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98 posts categorized "Manuscripts"

24 October 2018

The Cambridge Love Letters from Ted Hughes to Liz Hicklin

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by guest blogger Di Beddow, PhD student at Queen Mary, University of London, researching Ted Hughes and Sylvia Plath in Cambridge. Recently acquired by the library, letters and cards from poet Ted Hughes to Elizabeth Hicklin (née Grattidge) have  been catalogued  (Add MS 89198) and are available to consult in the Manuscripts Reading Room via our online catalogue, Explore Archives and Manuscripts. Read more  on our Ted Hughes Discovering Literature page. Reach Di on Twitter at @DiBeddow, and read more about her work here.

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Ted Hughes by Fay Godwin, Copyright British Library Board
 

Recently acquired by the library, letters and cards from poet Ted Hughes to Elizabeth Hicklin (née Grattidge) have been catalogued (Add MS 89198) and are available for reading in the Manuscripts Reading Room. Hicklin, a nurse at Addenbrookes Hospital in Cambridge met Hughes when he was an undergraduate at Pembroke College in the early 1950s. The couple were in a relationship for several years with Liz meeting the Hughes family in Yorkshire and joining the students in The Anchor public house where according to Daniel Huws, a friend of Ted’s at Cambridge ‘She smiled indulgently at the proceedings’ (Memories of Ted Hughes 2010 p.16) The letters shed light on a period which is not as well documented as most of Hughes’s life and work; it gives insight into his views on Cambridge; his friendship groups; his family and his writing, travel and career plans.

Liz, the recipient of the letters, was from Manchester originally, but left both her home and Cambridge eventually to emigrate to Australia where she lives today.  At one point the couple thought they would both emigrate and join Gerald, Hughes’s  brother, but Liz left for America first and whilst the relationship did not survive her departure, the correspondence is warm and tender from Hughes. He calls her, ‘My darlingest bunnyown’ and ‘My darling Bunpussington.’When he considers the end of their relationship with the distance between them, he is totally candid - ‘I dare say you’d have shown more faith in me if I’d shown you more honesty.’  He appreciates that she may well meet someone else abroad, but he insists, ‘I love you Bun, don’t ever doubt that.’ The letters and postcards were sent over a two year period and shed light on the time when as he says in ‘Fidelity’ from Birthday Letters that he graduated, but remained part of the culture in which he had studied – ‘Free of University I dangled/ In its liberties’.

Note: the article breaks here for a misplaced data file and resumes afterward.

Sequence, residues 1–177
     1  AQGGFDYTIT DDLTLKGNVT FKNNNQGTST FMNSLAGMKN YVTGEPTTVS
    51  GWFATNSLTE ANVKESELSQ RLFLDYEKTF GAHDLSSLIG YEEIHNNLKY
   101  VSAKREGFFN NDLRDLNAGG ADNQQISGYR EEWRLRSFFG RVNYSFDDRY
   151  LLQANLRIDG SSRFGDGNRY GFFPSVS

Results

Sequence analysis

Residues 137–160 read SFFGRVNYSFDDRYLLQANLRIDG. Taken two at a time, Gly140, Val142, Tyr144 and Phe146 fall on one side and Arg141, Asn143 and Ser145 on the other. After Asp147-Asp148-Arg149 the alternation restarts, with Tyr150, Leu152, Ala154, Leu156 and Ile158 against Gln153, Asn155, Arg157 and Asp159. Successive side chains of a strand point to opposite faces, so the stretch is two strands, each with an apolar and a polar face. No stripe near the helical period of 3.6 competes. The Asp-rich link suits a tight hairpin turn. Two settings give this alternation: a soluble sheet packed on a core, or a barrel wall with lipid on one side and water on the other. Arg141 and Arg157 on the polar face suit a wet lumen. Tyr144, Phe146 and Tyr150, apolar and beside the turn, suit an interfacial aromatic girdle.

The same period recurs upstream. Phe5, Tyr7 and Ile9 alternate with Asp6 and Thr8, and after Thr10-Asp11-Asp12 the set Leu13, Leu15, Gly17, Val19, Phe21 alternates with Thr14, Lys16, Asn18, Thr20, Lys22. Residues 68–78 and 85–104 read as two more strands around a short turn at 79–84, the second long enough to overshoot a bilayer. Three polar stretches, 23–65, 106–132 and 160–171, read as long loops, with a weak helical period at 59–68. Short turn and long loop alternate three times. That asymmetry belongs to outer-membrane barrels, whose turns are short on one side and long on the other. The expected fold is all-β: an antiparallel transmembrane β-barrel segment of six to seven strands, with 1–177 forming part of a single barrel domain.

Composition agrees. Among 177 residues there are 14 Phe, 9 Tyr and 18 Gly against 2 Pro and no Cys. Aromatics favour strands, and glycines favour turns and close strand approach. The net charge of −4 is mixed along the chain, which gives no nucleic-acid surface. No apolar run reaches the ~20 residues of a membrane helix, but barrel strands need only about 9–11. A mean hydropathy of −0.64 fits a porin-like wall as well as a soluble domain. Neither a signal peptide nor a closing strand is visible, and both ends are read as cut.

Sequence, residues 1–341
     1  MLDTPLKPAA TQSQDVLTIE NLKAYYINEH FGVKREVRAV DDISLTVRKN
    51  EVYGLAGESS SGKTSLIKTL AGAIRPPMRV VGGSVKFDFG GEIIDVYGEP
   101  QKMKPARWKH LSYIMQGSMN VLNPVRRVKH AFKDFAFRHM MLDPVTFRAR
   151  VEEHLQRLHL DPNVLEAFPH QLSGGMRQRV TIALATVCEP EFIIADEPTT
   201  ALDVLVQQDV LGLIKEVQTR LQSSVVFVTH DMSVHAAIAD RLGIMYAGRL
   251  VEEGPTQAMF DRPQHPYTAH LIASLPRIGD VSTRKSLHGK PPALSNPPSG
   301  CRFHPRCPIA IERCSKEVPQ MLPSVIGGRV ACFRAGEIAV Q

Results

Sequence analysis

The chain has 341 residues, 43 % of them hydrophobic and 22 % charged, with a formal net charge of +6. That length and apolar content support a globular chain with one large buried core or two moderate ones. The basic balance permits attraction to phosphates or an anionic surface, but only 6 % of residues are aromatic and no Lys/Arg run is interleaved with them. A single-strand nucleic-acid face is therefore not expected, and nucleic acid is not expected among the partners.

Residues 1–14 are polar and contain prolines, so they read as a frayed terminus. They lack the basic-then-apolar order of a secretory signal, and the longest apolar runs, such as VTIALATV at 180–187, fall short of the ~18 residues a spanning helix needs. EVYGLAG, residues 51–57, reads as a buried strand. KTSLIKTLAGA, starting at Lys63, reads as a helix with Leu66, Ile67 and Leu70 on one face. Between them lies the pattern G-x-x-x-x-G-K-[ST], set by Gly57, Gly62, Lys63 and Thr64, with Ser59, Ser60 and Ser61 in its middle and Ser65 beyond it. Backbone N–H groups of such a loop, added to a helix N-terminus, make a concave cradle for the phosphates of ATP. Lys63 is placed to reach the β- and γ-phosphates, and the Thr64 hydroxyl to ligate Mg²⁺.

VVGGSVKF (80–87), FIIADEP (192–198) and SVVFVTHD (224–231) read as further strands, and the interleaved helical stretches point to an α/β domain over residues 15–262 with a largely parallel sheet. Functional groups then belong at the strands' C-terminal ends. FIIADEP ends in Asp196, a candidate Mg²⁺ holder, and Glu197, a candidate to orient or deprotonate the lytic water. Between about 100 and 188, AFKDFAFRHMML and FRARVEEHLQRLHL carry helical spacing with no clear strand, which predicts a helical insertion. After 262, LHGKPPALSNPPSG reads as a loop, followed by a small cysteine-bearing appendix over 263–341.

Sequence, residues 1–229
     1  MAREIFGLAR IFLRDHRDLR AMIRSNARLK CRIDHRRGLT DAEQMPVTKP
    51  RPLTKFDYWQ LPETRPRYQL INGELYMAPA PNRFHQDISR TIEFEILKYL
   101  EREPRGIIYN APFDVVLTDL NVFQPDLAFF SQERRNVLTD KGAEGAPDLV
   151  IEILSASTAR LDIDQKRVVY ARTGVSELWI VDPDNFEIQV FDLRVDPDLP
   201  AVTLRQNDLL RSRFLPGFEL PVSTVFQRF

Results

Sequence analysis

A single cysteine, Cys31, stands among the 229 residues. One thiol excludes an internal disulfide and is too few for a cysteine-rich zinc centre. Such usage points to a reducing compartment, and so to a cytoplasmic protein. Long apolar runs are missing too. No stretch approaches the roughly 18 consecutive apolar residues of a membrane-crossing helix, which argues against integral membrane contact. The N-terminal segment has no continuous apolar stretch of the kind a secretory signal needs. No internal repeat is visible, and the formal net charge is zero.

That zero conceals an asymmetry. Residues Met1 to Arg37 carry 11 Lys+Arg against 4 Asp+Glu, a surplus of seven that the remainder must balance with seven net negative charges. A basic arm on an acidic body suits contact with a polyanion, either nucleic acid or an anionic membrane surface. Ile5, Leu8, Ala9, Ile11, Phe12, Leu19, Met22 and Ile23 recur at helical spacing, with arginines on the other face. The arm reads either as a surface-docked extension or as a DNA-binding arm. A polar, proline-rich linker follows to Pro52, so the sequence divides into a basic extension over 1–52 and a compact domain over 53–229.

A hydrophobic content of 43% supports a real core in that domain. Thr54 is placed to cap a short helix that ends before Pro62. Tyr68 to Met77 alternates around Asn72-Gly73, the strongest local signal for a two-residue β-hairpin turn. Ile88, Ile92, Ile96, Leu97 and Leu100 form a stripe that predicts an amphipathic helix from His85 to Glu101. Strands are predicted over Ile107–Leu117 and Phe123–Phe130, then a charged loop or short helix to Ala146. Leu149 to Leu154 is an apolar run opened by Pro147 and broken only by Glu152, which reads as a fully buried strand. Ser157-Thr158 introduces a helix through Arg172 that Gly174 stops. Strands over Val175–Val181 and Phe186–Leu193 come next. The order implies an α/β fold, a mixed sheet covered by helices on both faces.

In one letter he writes of his plan for an autobiographical novel about Cambridge and a book of fairy tales for children.  This is significant in that traditionally it is given that Hughes wrote little whilst at Cambridge; he tells Liz though that he has ‘…an idea for a book.  Two books in fact. One is about Cambridge. An autobiography of a student written from I’m not quite sure what angle, during three years, and to sell as a soft back popular thing.’

Just six months later he was to meet Sylvia Plath in Cambridge and she was to start a book called Falcon Yard which was to tell the story of her meeting and relationship with Hughes in Cambridge.  He goes on to say that - ‘The book about Cambridge would be very cynicial (sic), I feel, very cruel to everyone I knew - but the interesting things about everyone I knew, now I look back, seem to have been their absurdities.  I don’t think that I remember it with much affection’.

This is a popular view of Hughes at Cambridge, as an outsider and a critic, for example, of the Cambridge teaching of English Literature; one recalls Hughes’s dream of a burnt fox which considered his latest essay and warned him “Stop this. You are destroying us.” ‘(Letter to Keith Sagar 16 July 1979) However, Hughes made strong and lasting relationships with several of his Cambridge contemporaries and he finishes his letter to Liz reassuringly, telling her that she is not incorporated in his slight of the Cambridge circle -  ‘You’re just no part of it, you’re nothing but a good memory, my very best. Ever’.

The postcards are all sent from Europe when Hughes was on holiday with his Uncle Walt. In one from Spain, showing the cathedral in Tarragona he says, ‘Nothing but tombs of gold and lapis lazuli…’ which resonates with one of Liz Hicklin’s anecdotes of their relationship written up in an article included in the folder; she tells that Hughes would recite his favourite poem, Yeats’  ‘Oil and Blood’ in the pub.  The poem begins, ‘In tombs of gold and lapis lazuli’ and it accentuates the mysterious phenomenon of decaying corpses in tombs, with heavenly or supernatural scents and oils.  Indeed, Hughes continues on the card - ‘…what a melancholy choosing faculty I have.’

Six poems and literary fragments are also included. The majority of the drafts are untitled with the exception of ‘Sheep’ and ‘Nessie’. Two of the drafts are written in another hand and not Hughes's. ‘Sheep’ is a typewritten copy of the poem which appeared in Season Songs published in 1976, whilst ‘Nessie’ has some skilled sketches for which Hughes became known whenever he was writing for children; signing publications for those dear to him, or simply when doodling.